To his neighbors, Lee Kaplan was quiet and aloof. His three-bedroom Pennsylvania home was hidden behind overgrown shrubbery and at times almost seemed empty. However, behind closed doors, authorities allege Kaplan was living with 12 young girls who considered him a prophet of God as he repeatedly sexually abused them.
To Kaplan, six of the girls were not only his followers but also his “wives,” Bucks County authorities allege.
“Kaplan had constructed his own sick family unit in which he was the [girls’] father, prophet and God,” Rick Ross, founder and director of the Cult Education Institute, tells PEOPLE, describing law enforcement allegations against the Pennsylvania man. “And these girls were his followers.”
In June the girls were rescued by Lower Southampton police, and in November Kaplan pleaded not guilty to more than a dozen charges including rape of a child and involuntary deviate sexual intercourse.
He allegedly not only fathered two children with the eldest girl but also sexually abused five of her younger sisters over the course of years, with the consent of their parents, Bucks County District Attorney Matthew Weintraub said.
“This guy set up a virtual feeding ground of victims,” Weintraub told PEOPLE in a previous interview, calling the situation “cult-like.”
“He preyed upon [the girls] one by one,” he said.
Ryan Hyde, Kaplan’s attorney, denounces claims that Kaplan led a cult.
“I believe Mr. Kaplan befriended this family and really thought this was a family and friend relationship,” Hyde tells PEOPLE. “He’s really hurt by the allegations.”
Ross, who has worked with authorities and victims in cult cases for more than 30 years, says Kaplan isn’t the first person accused of successfully running a cult in plain sight. The 51-year-old allegedly took advantage of the girls’ parents, Daniel and Savilla Stoltzfus, Ross tells PEOPLE. They were vulnerable in both finances and faith, which is common, he says.
The couple are themselves facing child endangerment charges but will not face any additional charges, Weintraub said in November. They have pleaded not guilty.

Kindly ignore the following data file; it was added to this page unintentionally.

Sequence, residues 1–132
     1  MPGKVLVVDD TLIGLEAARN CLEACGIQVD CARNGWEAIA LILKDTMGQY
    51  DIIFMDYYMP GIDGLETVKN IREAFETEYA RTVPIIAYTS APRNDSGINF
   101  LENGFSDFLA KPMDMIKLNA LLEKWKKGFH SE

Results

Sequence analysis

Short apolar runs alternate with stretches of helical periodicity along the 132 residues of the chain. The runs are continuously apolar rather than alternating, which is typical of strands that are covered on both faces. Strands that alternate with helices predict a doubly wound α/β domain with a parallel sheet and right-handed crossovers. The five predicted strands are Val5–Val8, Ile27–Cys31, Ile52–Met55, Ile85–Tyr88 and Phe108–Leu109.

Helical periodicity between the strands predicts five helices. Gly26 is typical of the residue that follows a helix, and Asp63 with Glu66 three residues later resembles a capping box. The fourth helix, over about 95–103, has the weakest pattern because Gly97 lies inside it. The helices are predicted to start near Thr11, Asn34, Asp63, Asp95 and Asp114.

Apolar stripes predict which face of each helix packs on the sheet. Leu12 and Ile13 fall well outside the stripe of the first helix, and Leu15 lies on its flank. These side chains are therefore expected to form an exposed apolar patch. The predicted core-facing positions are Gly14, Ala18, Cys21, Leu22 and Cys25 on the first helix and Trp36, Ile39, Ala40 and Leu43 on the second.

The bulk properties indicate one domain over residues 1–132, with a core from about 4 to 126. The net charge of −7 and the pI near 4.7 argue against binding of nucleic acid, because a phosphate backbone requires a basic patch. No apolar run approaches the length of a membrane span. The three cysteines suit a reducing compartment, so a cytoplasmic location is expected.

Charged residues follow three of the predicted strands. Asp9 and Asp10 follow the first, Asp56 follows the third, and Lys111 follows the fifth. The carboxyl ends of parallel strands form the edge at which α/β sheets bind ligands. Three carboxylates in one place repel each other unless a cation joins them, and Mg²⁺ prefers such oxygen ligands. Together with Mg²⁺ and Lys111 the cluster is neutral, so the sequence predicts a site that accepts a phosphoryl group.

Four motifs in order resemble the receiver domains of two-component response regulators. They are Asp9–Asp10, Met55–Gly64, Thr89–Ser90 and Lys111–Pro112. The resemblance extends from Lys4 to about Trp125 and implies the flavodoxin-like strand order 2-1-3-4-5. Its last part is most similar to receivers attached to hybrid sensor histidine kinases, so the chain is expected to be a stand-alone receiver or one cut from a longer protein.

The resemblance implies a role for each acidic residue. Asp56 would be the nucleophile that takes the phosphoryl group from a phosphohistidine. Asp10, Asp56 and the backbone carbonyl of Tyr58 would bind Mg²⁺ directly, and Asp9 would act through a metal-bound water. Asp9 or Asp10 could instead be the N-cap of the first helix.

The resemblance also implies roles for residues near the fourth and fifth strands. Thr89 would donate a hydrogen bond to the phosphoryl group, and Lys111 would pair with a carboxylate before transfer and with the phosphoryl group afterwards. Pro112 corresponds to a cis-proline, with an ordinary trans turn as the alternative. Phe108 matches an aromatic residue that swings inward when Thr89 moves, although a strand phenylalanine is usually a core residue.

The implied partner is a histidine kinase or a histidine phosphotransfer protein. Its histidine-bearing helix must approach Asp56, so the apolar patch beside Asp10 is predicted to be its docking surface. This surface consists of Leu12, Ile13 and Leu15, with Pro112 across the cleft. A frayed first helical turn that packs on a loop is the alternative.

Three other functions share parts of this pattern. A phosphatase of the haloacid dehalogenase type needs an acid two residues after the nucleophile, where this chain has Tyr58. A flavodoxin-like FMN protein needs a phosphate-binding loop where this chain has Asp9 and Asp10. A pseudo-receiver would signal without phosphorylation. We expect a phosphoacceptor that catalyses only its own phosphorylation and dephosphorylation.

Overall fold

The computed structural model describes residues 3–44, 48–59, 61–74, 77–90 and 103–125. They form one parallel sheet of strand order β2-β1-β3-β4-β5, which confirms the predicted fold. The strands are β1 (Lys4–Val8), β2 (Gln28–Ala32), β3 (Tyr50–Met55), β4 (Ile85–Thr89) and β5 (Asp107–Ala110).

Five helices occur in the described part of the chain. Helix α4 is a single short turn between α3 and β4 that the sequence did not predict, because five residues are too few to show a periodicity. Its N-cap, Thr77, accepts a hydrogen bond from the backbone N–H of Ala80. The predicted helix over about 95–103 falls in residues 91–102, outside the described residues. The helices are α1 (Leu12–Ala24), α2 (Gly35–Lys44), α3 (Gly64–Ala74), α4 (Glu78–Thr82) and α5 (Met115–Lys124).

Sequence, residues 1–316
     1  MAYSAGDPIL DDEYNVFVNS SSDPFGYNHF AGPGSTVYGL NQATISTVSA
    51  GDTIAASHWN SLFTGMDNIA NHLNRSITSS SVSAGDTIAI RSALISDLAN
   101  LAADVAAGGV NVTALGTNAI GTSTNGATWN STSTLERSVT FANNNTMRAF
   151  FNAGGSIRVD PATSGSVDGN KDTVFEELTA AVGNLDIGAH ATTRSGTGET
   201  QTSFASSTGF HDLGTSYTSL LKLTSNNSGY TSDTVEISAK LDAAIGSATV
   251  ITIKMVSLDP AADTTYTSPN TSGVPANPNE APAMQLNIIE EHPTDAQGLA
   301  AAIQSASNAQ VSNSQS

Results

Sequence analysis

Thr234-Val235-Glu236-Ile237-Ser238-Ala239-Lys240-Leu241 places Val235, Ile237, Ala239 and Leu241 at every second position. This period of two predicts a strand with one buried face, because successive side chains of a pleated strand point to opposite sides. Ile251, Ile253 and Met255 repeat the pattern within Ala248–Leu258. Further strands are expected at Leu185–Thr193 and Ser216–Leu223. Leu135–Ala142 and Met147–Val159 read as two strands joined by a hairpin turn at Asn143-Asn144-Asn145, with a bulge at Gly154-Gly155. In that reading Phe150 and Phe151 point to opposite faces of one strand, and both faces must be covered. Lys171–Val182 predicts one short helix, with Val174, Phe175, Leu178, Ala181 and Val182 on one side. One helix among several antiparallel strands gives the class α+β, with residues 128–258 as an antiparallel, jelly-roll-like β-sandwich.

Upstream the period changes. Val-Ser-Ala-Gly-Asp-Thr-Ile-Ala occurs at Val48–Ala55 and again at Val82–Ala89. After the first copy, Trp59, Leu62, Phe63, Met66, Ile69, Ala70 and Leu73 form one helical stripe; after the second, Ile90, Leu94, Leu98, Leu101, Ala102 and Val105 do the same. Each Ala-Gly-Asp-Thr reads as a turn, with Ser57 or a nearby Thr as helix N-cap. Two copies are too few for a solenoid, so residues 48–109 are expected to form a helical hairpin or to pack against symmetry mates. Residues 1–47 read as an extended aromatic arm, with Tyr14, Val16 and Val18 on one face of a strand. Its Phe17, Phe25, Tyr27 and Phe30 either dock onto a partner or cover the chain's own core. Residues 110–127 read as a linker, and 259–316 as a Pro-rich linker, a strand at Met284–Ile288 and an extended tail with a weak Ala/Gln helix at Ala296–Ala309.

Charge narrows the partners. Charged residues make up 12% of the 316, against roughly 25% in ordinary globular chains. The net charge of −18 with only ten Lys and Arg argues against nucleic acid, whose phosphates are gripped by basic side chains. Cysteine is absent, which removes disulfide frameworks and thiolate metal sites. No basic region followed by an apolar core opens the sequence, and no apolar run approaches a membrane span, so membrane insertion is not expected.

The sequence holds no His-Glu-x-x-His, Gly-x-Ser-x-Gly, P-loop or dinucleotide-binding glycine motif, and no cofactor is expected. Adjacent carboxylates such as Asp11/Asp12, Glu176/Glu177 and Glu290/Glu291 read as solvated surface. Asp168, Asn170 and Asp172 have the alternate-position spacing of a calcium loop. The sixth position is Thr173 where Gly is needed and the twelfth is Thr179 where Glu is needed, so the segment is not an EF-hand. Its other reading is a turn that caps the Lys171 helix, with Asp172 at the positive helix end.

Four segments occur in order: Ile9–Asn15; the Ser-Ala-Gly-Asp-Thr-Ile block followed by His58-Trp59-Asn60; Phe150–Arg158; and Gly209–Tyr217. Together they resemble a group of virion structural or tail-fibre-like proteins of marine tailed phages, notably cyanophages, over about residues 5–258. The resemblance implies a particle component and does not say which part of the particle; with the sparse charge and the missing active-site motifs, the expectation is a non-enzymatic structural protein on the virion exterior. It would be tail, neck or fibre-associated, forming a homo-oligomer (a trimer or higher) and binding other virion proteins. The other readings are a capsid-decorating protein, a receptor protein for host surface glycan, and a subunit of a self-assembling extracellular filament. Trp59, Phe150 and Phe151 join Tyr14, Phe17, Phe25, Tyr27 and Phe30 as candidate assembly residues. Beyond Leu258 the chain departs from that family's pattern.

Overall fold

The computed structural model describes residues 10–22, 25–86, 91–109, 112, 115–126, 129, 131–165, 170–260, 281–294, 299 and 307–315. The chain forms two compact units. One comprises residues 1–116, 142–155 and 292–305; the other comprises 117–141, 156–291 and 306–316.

Authorities say Kaplan went unnoticed for years because the girls’ parents also believed Kaplan was a prophet.
The children were raised Amish, born with no birth certificates and home schooled together, officials say, but the Stoltzfus family left the Amish community after they met Kaplan, a former business partner of Daniel’s.
The newly independent family was vulnerable and preconditioned to relying on faith for answers, Ross says.
“[Cult leaders] can be functional and charming, but they don’t have empathy or sympathy,” he says of the men and women who establish cults.
In an exclusive interview with PEOPLE, Craig Penglase, Savilla’s attorney, says he believes Kaplan always planned on taking advantage of the “simple-minded” family.
“I think he knew from the beginning — he met Daniel and he presented himself immediately as this God figure,” Penglase tells PEOPLE.
During police questioning following their children’s rescue, Daniel and Savilla told authorities that in exchange for financial support, their eldest daughter, who was 14 at the time, was “gifted” to Kaplan.
In a previous interview, Penglase defended his client’s agreement as a “difference in culture.”
“Everything [Savilla] did was for her family, and what she did in this case was what she thought was right,” Penglase said. “It may have been misguided, it may have been weird to you and me, but that was her belief.”
Penglase says Kaplan later allegedly convinced Daniel to give him his wife, who then had a sexual relationship with her daughters’ alleged abuser as part of his preaching.
“It’s very sad. She’s very sad,” Penglase says. “She was traded [by Daniel] just like the children were.”
Penglase reveals Savilla, David and their daughters still believe Kaplan is a prophet of God: “This man destroyed an entire family.”
Daniel’s attorney could not be reached for comment.
Before the eldest girl moved into Kaplan’s home more than four years ago, the girl told authorities she and Kaplan shared a bedroom at her parents’ Lancaster County home in Pennsylvania.
But that wasn’t enough for Kaplan, authorities allege. So the girl moved to his home and Savilla and her other daughters followed shortly after. (Savilla only learned about her daughter’s alleged sexual abuse by Kaplan when she learned about the teen’s first pregnancy, Penglase has said.)
Ross says it essential for cult leaders to keep their followers close and in a “controlled environment.”
“These children … had no conception of what was right and what was wrong other than what Kaplan told them,” the Cults Inside and Out author explains. “He was able to completely control everything that went into their minds. They had no alternate frame of reference, it was simply what Kaplan said and that was it.”
Ross alleges that moving the girls into his home was Kaplan’s final step in creating his “family cult.”
“The human mind really is fragile, and if you place a person in such an environment … is you can begin to manipulate the mind itself,” Ross says, describing the process as a form of brainwashing.